THE Daily Bread rises again as the latest free Podbean podcast from Green Hammerton company Badapple Theatre.

Glaswegian actor, clown and raconteur Colin Moncrieff reprises his 2014 stage performance in artistic director Kate Bramley’s comedy about a master baker who is the talk of the tiny village of Bottledale, thanks to his sumptuous sponges and beautiful buns, this time giving a relaxed reading from home, accompanied by Jez Lowe’s songs.

Go to badappletheatreonyourdesktop.podbean.com to discover whether the baker’s cheery façade hides a dark secret.

Fishwife, Emma Stothard’s new scuplture, takes up residence by the harbour swing bridge in Whitby

And what about…

The rockumentary Rockfield: The Studio On The Farm on BBC iPlayer. New albums by Rufus Wainwright, Courtney Marie Andrews, Seasick Steve and The Psychedelic Furs, their first in 29 years. Emma Stothard’s new Whitby sculpture, Fishwife, Selling Cod, Mackerel and Crab, by the harbour swing bridge. A walk at Wheldrake Ings, followed by Sicilian flatbreads and piadini at the re-opened Caffé Valeria in Wheldrake. York Racecourse Saturday car boot sale, re-launching from August 8.

Rotunda Museum to re-open with chance to go around in your own exclusive bubble

Senior operations assistant Charlotte Mundey prepares the Rotunda Museum for re-opening. All pictures: Tony Bartholomew

SCARBOROUGH’S Rotunda Museum re-opens next week with a new booking system that gives small groups exclusive access.

From August 8, the Grade II-listed circular building in Esplanade Gardens will be open Tuesdays to Saturdays, 10am to 5pm.

Visiting slots will be every half hour across the day, allowing groups – or social bubbles – of up to six people at a time to explore the museum without having to follow prescriptive routes.

Senior operations assistant Charlotte Mundey in the Ancient Seas Gallery at the Rotunda Museum

Dating from 1829, the Rotunda specialises in geology and local history and is one of the oldest purpose-built museums in the world.

In the Ancient Seas Gallery, visitors will come face to face with prehistoric creatures that used to roam this coastline. In the Rotunda Gallery are displays of fossils, taxidermy, fine art and ceramics that tell the history of the museum. The shop will be open too.

Looking ahead, the Scarborough Museums Trust team is hard at work on a new display of Mesolithic objects from Star Carr, the important archaeological site in the Vale of Pickering, that will open in mid-September.

Senior operations assistant Charlotte Mundey on the circular stairwell at the Rotunda Museum, Scarborough

Gristhorpe Man, Britain’s best-preserved Early Bronze Age skeleton, is still in controlled storage after a leak in the roof threatened his safety and will be returned at a later date.

Staff have been trained in post-lockdown safety procedures and the Rotunda has been awarded VisitEngland’s We’re Good To Go industry standard mark, signifying its adherence to government and public health guidance.

Andrew Clay, the trust’s chief executive, says: “We’re delighted that we now have all three of our beautiful venues open to the public once again [Scarborough Art Gallery, Woodend and the Rotunda] – we can’t wait to welcome people back into the Rotunda. As always, our top priority is the safety of both our visitors and our staff.”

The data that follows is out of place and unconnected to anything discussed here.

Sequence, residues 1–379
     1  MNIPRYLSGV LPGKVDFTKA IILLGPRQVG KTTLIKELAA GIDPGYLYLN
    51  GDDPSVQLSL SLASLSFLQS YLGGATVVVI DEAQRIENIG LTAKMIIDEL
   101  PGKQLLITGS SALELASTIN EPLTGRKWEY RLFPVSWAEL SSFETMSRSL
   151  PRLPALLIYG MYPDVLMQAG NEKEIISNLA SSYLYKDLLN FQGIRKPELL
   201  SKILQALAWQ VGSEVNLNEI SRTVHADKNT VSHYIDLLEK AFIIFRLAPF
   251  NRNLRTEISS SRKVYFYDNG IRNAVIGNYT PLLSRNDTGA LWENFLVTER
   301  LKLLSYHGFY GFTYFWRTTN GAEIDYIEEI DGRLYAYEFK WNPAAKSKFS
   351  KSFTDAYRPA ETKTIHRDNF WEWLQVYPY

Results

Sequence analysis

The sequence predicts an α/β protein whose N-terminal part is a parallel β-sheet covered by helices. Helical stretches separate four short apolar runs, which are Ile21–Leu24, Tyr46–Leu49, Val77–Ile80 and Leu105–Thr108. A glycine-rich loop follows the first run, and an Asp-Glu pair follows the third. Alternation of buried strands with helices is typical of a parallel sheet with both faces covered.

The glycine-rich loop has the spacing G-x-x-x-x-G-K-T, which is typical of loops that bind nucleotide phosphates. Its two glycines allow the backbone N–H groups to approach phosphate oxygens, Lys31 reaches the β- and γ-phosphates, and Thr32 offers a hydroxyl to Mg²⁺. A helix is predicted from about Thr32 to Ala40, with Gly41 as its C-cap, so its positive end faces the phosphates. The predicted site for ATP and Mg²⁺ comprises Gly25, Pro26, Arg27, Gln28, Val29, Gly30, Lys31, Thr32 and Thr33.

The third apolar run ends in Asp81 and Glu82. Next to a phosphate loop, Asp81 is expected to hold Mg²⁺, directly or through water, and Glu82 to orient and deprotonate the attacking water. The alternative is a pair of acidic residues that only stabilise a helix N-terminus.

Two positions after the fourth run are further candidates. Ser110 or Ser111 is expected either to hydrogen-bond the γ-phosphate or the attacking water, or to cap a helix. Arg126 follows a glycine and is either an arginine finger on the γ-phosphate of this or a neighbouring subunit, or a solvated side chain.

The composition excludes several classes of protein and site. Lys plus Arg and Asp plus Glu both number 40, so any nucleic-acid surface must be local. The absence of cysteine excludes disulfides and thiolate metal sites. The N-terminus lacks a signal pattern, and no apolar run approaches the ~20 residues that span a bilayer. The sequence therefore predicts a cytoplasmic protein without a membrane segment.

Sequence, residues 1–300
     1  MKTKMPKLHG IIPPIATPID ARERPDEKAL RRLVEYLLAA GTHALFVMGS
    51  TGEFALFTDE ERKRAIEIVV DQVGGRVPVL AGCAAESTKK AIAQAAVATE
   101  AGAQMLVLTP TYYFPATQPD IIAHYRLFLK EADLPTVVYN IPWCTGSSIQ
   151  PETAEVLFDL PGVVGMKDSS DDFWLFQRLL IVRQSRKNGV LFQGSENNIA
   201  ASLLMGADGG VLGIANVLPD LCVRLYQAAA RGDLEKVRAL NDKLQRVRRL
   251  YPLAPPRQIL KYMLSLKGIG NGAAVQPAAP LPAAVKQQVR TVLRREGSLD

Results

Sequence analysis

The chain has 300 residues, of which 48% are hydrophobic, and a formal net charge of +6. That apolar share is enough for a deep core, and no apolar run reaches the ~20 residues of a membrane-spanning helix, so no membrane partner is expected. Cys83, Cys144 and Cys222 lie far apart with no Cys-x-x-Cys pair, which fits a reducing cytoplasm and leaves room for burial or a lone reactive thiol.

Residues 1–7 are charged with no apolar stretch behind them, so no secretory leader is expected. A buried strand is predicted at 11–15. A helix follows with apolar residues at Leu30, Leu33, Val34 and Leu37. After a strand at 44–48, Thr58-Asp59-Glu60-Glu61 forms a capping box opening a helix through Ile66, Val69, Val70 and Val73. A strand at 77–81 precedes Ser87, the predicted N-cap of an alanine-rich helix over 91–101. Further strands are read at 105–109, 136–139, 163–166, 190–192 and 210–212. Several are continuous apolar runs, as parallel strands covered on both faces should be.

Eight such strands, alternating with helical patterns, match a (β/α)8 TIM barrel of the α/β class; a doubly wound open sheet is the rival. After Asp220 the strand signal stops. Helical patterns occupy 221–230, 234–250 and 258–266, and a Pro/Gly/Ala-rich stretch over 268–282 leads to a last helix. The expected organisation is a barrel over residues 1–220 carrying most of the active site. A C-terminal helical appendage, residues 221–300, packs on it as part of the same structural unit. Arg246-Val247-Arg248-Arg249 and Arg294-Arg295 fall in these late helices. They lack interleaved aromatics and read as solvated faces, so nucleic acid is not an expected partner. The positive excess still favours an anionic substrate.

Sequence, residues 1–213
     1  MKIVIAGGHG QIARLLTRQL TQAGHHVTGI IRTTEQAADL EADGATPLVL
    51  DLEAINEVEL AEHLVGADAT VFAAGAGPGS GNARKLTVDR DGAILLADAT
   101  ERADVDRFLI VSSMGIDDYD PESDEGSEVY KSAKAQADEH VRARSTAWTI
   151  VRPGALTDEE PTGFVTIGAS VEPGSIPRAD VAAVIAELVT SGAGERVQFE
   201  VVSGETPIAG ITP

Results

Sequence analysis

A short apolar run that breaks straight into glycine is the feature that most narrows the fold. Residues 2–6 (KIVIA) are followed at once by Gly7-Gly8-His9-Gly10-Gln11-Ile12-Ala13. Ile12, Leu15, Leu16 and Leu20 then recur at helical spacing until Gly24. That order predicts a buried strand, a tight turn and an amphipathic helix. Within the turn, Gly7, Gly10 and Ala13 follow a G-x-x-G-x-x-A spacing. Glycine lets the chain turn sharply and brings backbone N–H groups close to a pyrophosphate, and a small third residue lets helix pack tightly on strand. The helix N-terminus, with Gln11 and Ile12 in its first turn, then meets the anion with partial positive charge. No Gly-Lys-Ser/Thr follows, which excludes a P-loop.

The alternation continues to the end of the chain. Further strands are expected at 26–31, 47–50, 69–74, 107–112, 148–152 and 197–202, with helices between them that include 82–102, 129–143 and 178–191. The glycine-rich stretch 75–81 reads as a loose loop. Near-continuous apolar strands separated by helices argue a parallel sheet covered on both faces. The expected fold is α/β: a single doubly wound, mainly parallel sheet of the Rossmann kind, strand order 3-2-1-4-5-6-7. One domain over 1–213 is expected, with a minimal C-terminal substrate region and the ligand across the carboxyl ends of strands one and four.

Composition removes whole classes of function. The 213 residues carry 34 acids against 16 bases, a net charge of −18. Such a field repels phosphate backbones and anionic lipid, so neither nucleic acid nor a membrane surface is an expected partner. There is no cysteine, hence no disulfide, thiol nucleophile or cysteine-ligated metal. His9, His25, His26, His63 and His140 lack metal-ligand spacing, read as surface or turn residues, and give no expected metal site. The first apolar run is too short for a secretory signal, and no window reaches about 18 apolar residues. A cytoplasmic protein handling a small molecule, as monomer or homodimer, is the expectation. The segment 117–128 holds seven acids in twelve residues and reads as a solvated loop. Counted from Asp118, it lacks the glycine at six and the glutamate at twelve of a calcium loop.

“We can’t wait to welcome people back into the Rotunda,” says Andrew Clay, chief executive of Scarborough Museums Trust

Please note, the Rotunda Museum has a lift to all floors and is fully wheelchair-accessible throughout, including an accessible loo. Support dogs are welcome. Induction loops are available. The museum is breastfeeding-friendly and staff are trained to be Dementia Friends.

Slots for the Rotunda can be booked online at scarboroughmuseumstrust.com, by phone on 01723 353665 or via email sent to rotunda@smtrust.uk.com.

From August 1, the £3 annual pass system will be re-introduced, giving unlimited entry to the Rotunda Museum and Scarborough Art Gallery for a year. Woodend is always free.

Opening hours for Scarborough Art Gallery are 10am to 5pm, Tuesday to Sundays; Woodend, 9am to 5pm, Mondays to Fridays, and 10am to 4pm, Saturdays and Sundays.

Scarborough Art Gallery and Woodend exhibitions to re-open from this weekend

John Bedder, senior operations assistant with Scarborough Museums Trust, prepares for the re-opening of Scarborough Art Gallery. All pictures: Tony Bartholomew

TWO of Scarborough Museums Trust’s three venues will re-open on Saturday.

Scarborough Art Gallery and Woodend have been closed to the public since the Covid-19 lockdown started in late-March, as has the Rotunda Museum, whose re-opening will be delayed to “allow more time to work out how to do that safely”.

SMT chief executive Andrew Clay says: “Our dedicated staff have all been working very hard to ensure that venues are safe and in line with government guidelines on social distancing and cleanliness. The safety of all our staff and visitors is our top priority.”

John Bedder, Scarborough Museums Trust’s senior operations assistant, sits behind a protective screen at Scarborough art Gallery

Safety measures introduced for this weekend’s re-opening will be five-fold:

* Protective screens around the reception desks;

* Hand sanitiser on entry to the buildings and on the top floor of Scarborough Art Gallery;

* Disposable hand towels in the loos;

*  PPE (gloves, masks and aprons) for staff when cleaning the venues, plus extra cleaning protocols;

* Staff monitoring at a safe distance to ensure that visitors are following the distancing guidelines.

Andrew Clay: Chief executive of Scarborough Museums Trust

Clay says: “The number of visitors within the two spaces will be monitored to ensure that there is enough room for them to move around in a safe and enjoyable manner. Clear wayfinding and arrows will direct them, and staff will be on hand to provide further support and information.